Indeed, it was only seemingly their personal battle to each score a goal which hampered the already monumental score line from becoming truly amazing.
"Manchester Mets simply hadn’t realised a game was going on around them"
Despite the torrential rain and generally appalling conditions, Newcastle were dominant from the very start. High tempo passing and great movement by players to find the vacant spaces quickly led to the first goal; a quick pass and move before Parnell rushed around the back and drove the ball into the net. Goal for Parnell; this would become a regular occurrence as the match developed.
Manchester Mets simply hadn’t realised a game was going on around them and before they could take breath, the score had shot up to 3-0, with goals from Rapinett and Prescott. Quick passing and aggressive tackling nearly led to a fourth if it wasn’t for a superb save by the Met keeper. However, this was merely denying the inevitable as Newcastle soon notched their fourth and fifth goals in quick succession, both coming from Zehr.
The rest of the quarter continued in much the same trend, with Newcastle capitalising on any mistake by the Met team with ruthless efficiency and timing. And it must be said, there were a lot of mistakes by Manchester. This led to a score of 10-0 at the close of the quarter, with Parnell taking his tally to 5 and Zehr to 3.
In fact, the only contribution Manchester Met seemed to offer was a delay to the start of the game as there was no official referee present. This led to them declaring they would be playing under protest due to the circumstances. However, this may have simply been a time wasting tactic to delay the onslaught that was to come.
The second quarter began with a flurry of goals from Parnell and Zehr which took the score to 13-0, goals that demonstrated Newcastle’s fluency in attack as well as impressive individual talent. While it was clear that the competitive element of the match was over, Manchester did begin to find their feet in the match, with some good possession and a few shots wide of goal.
This however allowed the Newcastle defence to display their proficiency in their role, with quick closing down of their opponents as well as excellent communication across the pitch to ensure that the Newcastle clean sheet remained intact. Manchester’s possession did lead to the highlight of the match.
An outrageous piece of skill/blind luck in which a Newcastle defender knocked the stick out of an onrushing Met player, who managed to carry on running, catch the stick and still retain possession. This was greeted by shouts of approval from all onlookers and rightly so.
Not wishing to be outdone, Newcastle responded with their best goal of the match. Quick distribution from the back and strong running led to an easy finish for Zehr. This goal perfectly encapsulated all areas of the Newcastle performance, underlining why they were such a dominant force in the match. The first half closed with the score at 21-0, with goals coming from Abes, Zehr, Murray, Davey and Parnell.
"IT WAS CLEAR THAT THE MATCH HAD DESCENDED INTO ESSENTIALLY A TRAINING SESSION"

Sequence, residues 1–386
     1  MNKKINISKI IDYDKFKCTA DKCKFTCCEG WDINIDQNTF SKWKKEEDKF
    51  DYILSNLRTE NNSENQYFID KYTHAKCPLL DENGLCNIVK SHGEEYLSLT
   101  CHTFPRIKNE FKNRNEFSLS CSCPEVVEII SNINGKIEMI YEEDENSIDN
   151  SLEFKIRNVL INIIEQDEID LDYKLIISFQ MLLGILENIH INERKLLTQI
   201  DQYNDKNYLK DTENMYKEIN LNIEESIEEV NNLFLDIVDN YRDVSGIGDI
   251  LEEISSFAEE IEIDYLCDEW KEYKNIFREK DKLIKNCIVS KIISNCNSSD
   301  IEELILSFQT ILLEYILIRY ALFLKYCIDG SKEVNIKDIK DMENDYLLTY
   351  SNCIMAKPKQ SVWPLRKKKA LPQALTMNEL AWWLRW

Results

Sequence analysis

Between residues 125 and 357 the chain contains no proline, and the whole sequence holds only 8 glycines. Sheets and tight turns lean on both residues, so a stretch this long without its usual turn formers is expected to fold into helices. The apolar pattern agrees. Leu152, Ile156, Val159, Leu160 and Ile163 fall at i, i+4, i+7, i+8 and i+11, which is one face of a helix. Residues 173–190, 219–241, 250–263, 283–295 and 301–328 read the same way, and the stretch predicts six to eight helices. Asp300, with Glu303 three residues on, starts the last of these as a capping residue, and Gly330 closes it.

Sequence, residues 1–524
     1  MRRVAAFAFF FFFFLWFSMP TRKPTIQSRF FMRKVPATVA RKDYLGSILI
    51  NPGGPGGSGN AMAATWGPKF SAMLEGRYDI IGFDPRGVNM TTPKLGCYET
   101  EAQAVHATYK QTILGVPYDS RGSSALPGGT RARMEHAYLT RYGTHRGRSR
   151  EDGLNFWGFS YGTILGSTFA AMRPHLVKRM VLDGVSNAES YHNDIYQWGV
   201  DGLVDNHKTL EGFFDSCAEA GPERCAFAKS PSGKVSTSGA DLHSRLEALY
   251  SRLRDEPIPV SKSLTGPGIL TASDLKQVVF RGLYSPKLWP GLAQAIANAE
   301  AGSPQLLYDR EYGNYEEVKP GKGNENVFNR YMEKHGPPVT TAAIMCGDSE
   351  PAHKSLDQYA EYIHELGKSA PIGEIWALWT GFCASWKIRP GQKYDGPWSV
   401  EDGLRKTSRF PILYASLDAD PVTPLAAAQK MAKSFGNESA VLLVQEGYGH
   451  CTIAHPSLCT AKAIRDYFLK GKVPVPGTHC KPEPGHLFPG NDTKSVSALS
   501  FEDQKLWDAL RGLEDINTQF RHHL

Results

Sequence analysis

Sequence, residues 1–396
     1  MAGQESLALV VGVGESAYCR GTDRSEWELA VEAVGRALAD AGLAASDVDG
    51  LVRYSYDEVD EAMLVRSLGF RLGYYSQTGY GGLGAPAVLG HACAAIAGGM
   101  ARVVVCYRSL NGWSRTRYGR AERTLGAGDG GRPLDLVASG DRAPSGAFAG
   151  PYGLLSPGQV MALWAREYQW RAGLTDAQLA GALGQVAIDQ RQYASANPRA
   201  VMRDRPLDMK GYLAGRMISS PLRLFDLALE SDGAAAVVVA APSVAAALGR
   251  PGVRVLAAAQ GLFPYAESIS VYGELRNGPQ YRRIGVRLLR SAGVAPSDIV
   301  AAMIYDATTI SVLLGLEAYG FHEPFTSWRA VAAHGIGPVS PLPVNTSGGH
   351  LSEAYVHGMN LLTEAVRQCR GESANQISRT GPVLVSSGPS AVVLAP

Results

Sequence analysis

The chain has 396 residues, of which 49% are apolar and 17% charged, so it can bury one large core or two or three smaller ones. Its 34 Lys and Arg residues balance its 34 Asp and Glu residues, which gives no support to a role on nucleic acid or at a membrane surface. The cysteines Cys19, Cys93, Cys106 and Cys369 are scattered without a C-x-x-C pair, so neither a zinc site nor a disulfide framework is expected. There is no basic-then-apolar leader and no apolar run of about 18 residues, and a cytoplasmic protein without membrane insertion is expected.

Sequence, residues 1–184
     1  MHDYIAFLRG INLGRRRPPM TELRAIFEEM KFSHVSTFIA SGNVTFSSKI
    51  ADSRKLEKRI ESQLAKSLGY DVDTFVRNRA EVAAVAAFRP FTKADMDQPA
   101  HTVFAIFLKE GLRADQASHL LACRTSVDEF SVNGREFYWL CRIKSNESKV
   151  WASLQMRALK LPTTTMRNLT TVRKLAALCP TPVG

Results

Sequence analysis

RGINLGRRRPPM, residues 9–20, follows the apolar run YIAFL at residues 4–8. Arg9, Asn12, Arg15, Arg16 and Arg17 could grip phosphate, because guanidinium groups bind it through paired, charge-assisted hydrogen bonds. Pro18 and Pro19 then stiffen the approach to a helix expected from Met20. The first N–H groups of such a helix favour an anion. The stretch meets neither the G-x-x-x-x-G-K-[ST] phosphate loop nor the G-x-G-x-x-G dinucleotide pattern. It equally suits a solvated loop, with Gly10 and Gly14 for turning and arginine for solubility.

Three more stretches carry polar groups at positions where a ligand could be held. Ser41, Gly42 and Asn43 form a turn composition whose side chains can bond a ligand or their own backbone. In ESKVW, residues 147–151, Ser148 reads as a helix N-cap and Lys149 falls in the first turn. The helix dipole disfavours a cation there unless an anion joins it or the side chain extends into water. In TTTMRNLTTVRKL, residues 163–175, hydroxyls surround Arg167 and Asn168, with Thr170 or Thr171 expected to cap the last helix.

In the second half, Newcastle took a different approach. It was clear that the match had descended into essentially a training session, and I was reliably informed that they would be attempting a number of set pieces as opposed to simply running past the Met defence and adding to personal tallies. This controlled, measured approach still produced goals however, with contributions to the scoreline from Parnell and Ramsbottom.
This tactic also afforded Manchester Mets their first shot on goal, yet it was a harmless effort and easily dealt with by the Newcastle keeper. The score line was unchanged for a good 5 minutes following the Manchester shot, perhaps testament to Manchester finally sorting out their defence and applying good pressure to the Newcastle attackers. Or it could have been down to boredom on the part of Newcastle, as scoring goals with such ease must get a little repetitive.
The final quarter was a carbon copy of the previous quarter, with Newcastle attempting elaborate plays and focusing on teamwork as opposed to merely adding to their lead. Goals were regular and methodical in their development, culminating in the final score line of 33-0.
A stellar performance from Parnell, who rounded off his day with 15 goals, despite pleas from his teammates on the side line to start awarding his goals to them so that they could get a mention. Darragh O’Keafe being the main culprit, there’s your honorary mention.
While the score line is clearly impressive, it must be noted that this was a team effort. While the defence may not have contributed to the goals (though in the closing minutes there were a number of impressive runs from the defence in the hopes of securing a personal achievement), their determination in tackles and closing down their men made the job much easier for the attackers who could simply collect the ball and score at will.
"Goals were regular and methodical in their development"
And while I was assured that Manchester are not one of the strongest teams in the division, this match did underline the Newcastle team’s talent and potential to put more accomplished teams to the sword as well.
With this win, they sit comfortably at the top of the league with an exceptional goal difference.